– the initiation of disciplinary proceedings against all judges (21 to date) who in any way tried to implement the CJEU judgment of 19 November 2019 or the resolution of the joint chambers of the Supreme Court of 23 January 2020, or even in any way questioned the legal status of the neo-NCJ, or the Disciplinary Chamber (the culmination of which is the suspension of judge Juszczyszyn from office which was achieved in breach of procedural and substantive law); the fact that these actions had a strong chilling effect among Polish judges is best evidenced by the fact that only two Polish judges adjudicating in appeal divisions decided to conduct an independence test in accordance with the resolution of the Supreme Court of 23 January 2020;
– circumvention of the interim measure of the CJEU of 8 April 2020 by using the Department of Internal Affairs of the National Public Prosecutor’s Office directly subordinated to the Minister of Justice, as well as the politicized Disciplinary Chamber of the Supreme Court to initiate unjustified criminal proceedings and remove defiant judges from practicing their profession by lifting their immunity and the related suspension from the office and reduction of their salaries (this happened to two icons of the judiciary’s resistance, i.e. the president of ‘Themis’, Beata Morawiec, and an active member of ‘Iustitia’, Igor Tuleya);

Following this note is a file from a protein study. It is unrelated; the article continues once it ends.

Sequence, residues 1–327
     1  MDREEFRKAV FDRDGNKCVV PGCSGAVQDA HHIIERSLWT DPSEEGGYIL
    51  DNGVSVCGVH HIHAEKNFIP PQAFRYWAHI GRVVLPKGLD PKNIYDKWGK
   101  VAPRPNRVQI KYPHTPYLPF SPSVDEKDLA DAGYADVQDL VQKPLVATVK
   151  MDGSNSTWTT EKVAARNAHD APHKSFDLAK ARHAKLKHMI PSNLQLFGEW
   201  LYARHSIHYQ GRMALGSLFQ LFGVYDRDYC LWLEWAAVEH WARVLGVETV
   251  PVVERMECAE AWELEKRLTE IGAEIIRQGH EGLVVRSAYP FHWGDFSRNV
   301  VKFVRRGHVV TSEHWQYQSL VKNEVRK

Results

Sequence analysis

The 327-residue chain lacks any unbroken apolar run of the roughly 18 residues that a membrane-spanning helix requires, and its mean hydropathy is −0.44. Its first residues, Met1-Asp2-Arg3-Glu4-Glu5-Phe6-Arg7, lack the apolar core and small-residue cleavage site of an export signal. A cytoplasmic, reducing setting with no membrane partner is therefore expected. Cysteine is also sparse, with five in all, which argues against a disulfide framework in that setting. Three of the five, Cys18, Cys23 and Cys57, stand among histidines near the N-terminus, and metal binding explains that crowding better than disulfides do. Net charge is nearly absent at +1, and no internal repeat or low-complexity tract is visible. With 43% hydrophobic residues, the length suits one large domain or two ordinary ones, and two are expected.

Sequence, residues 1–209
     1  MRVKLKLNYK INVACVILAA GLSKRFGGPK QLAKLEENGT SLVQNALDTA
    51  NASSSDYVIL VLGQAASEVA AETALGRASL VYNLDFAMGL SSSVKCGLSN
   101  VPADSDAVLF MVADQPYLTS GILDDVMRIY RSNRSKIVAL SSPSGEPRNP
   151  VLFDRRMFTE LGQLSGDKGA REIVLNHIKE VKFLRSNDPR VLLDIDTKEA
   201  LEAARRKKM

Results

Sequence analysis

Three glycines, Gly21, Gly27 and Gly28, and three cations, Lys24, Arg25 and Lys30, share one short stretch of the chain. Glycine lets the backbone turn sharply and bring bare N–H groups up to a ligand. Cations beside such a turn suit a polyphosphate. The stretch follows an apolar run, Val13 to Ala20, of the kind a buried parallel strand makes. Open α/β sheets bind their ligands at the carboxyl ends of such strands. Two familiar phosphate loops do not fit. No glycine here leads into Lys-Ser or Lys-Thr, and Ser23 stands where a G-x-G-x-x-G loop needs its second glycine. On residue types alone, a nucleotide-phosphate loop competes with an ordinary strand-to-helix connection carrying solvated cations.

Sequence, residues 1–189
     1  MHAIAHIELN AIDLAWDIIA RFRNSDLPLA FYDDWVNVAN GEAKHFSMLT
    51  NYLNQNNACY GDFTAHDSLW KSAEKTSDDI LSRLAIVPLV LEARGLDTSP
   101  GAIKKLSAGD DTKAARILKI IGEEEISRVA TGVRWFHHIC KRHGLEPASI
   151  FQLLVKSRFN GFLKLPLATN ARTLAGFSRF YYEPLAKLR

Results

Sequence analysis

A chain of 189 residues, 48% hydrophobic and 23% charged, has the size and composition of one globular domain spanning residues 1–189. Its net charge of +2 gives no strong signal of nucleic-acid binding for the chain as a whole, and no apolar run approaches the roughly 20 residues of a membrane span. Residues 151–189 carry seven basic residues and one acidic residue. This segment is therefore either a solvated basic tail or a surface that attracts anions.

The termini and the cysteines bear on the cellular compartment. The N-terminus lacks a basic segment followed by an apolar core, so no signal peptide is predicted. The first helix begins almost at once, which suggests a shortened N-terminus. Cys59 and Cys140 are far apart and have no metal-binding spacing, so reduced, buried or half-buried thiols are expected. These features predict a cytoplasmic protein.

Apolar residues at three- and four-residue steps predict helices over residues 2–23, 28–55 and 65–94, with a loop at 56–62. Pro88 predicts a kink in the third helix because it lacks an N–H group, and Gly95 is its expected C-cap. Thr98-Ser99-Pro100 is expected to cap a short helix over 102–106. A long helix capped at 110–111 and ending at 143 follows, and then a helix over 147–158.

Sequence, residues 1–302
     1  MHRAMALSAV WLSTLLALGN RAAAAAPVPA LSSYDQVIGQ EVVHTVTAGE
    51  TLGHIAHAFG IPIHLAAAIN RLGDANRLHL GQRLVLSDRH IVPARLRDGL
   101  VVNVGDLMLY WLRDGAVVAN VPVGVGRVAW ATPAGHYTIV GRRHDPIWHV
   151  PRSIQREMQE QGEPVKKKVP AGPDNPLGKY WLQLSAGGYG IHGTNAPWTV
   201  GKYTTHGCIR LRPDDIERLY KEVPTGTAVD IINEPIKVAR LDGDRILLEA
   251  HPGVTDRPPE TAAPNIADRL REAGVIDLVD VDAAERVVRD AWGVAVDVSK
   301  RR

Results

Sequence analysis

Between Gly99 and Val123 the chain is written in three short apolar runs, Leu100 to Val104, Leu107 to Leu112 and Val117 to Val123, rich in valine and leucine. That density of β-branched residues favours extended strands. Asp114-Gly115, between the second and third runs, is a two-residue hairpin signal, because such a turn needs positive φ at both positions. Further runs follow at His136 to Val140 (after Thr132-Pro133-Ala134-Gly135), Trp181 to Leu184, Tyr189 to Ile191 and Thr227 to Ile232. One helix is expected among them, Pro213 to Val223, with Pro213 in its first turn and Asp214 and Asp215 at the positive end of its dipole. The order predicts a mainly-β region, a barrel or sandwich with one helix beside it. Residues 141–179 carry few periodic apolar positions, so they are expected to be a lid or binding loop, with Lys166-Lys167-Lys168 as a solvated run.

– instituting collective disciplinary proceedings against members of the boards of judicial organizations or judges who are active in the public debate to an extent that is fully consistent with the ethics of the judicial profession (proceedings against the board of ‘Iustitia’, the standing presidium of the ‘Judges Cooperation Forum’, and 1274 judges-signatories of the letter to the OSCE);